The focus on the Spiritual gifts of 1 Cor 12 is also problematic, not in the insistence on their still being operational, but in how they are made central out of context. The Catholic Church has focused more on Isa 6:2-3, which is reasonable because all Christians are “in Christ” and therefore should expect those Isaianic gifts of the Spirit to be present in them. These gifts also mesh with the “fruit” of the Spirit in Gal 5:22-24. What is characteristic of both lists is that they are behavioral and ethical and indicate connection to God, which should be universal aspirations of every Christian.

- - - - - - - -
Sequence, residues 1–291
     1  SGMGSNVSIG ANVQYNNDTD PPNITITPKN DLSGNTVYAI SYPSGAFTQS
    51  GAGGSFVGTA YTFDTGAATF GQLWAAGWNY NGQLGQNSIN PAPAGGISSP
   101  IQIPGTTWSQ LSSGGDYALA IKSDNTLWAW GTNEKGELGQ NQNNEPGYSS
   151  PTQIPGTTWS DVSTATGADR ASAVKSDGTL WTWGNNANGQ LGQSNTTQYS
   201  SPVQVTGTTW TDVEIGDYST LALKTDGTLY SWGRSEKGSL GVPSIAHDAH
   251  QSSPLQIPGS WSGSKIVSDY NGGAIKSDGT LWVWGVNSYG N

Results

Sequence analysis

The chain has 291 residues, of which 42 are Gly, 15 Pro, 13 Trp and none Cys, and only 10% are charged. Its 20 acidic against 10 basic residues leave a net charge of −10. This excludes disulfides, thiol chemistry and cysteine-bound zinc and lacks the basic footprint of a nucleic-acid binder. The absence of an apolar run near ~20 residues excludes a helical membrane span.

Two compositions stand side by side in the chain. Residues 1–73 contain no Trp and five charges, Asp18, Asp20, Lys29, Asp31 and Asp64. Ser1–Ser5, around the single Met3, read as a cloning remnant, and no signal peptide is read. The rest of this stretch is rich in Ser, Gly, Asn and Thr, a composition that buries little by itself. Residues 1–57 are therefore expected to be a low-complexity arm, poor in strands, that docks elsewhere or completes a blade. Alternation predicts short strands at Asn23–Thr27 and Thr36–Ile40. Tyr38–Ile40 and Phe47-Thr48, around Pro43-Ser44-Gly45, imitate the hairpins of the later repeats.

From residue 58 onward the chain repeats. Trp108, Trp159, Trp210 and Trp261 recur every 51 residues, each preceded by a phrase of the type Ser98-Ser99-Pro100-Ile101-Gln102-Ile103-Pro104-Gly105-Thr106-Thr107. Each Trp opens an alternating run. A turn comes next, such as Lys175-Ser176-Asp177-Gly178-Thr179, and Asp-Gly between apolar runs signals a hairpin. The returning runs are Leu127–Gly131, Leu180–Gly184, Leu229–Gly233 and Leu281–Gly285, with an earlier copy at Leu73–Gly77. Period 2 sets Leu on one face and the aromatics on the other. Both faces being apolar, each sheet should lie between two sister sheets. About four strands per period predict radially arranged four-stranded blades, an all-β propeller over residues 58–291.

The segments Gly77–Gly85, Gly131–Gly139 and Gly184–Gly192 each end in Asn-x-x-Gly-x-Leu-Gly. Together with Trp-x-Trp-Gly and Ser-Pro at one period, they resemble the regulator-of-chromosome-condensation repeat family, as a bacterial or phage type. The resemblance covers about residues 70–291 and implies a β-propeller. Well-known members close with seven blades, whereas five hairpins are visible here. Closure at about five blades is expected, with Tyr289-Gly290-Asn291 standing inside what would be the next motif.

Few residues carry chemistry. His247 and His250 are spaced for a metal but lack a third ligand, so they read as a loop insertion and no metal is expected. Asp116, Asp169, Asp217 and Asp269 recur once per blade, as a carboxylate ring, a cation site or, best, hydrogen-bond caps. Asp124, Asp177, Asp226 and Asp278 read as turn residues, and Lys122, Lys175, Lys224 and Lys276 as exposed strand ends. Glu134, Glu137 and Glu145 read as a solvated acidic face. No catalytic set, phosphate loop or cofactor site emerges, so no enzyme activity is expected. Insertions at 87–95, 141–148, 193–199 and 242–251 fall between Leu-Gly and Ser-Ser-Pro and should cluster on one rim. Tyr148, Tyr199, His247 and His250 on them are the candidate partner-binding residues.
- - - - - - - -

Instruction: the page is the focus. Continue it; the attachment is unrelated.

The gifts of 1 Cor 12 are ministry gifts. Paul explicitly states that not every Christian has any one of the gifts in that list, not even tongues (the attempt to get various versions of tongues, some being languages – either of human being or angels – and most being the “prayer language” of someone simply does not fit the texts contextually or linguistically). Instead Paul is giving a list of examples of gifts that one may have, a list that starts with speech coming from wisdom (known from the wisdom books of the Old Testament, from James 1 and 3, and from Isa 6), then speech coming from knowledge (what one knows of scripture, or, presumably, the natural world – linguistically this would notrefer to a revelation, but to the inspiration to apply or properly interpret knowledge), next come the related trust in God/Jesus (that may come from listening prayer, an awareness of what God wants to do in a given situation, although Paul does not make that explicit – his point is that the Spirit inspires trust), various types of gifts of healing (we do know that in Mark 9, for instance, there were some things that the disciples were not gifted to heal, while earlier it is clear that they had been gifted to heal many things, presumably in different situations), working wonders, prophecy (visions and oracles, for that is how the term is used in Hebrew Scripture; in Acts it is rarely used for foretelling, and when it is so used, it is a warning with a present application; later in 1 Corinthians Paul speaks of it as upbuilding and convicting in its effect), discernment, linguistic ability (certainly needed as the church reached across cultures and linguistic groups, as one sees in Acts 2, whether one was aware of what one was saying or not, whether one had the gift of learning language or the instant appearance of language), and the ability to interpret languages (again, clearly needed in cross-cultural ministry, whether the Spirit’s gifting was evident in how quickly one learned or in instant understanding). There is no reason to believe that these are not fully operational today, for they are clearly still needed. I have personally experienced all of them at one time or another. But the is not Paul’s point. Paul is taking some examples and stating that they are equally gifts of the Spirit, that no person will manifest them all in a given group setting, and that no person has a monopoly on them, for “to each is given.” The point is that together they serve “the common good.” They do not validate one’s spiritual experience or status, they do not belong to a few, they do not create a gifting hierarchy – they work together for the good of the community. That is why love is more important than any gift (1 Cor 13) and that is why glossolalia (speaking in a foreign language, learned or unlearned) should only be done if the person or someone else interprets for those who do not speak that language. It is the unity of the body and the upbuilding of all that is the point. Likewise, those prophesying should not interrupt or otherwise disrupt one another, and there should be few enough oracles that the leaders of the community can evaluate them – all individuals are mixed bags of holiness and depravity, so all gifts will tend to be at least somewhat tainted by our desires and the like. People are to desire the “higher gifts,” which appear to be those that most strengthen the community and speak to outsiders. Thus, glossolalia is of limited value, for it may be irrelevant in a group in which all speak Greek, but it should not be forbidden, so long as it is interpreted, for even if one is not aware of the fact, perhaps someone is there who needs to hear some key phrase or message spoken in their mother tongue.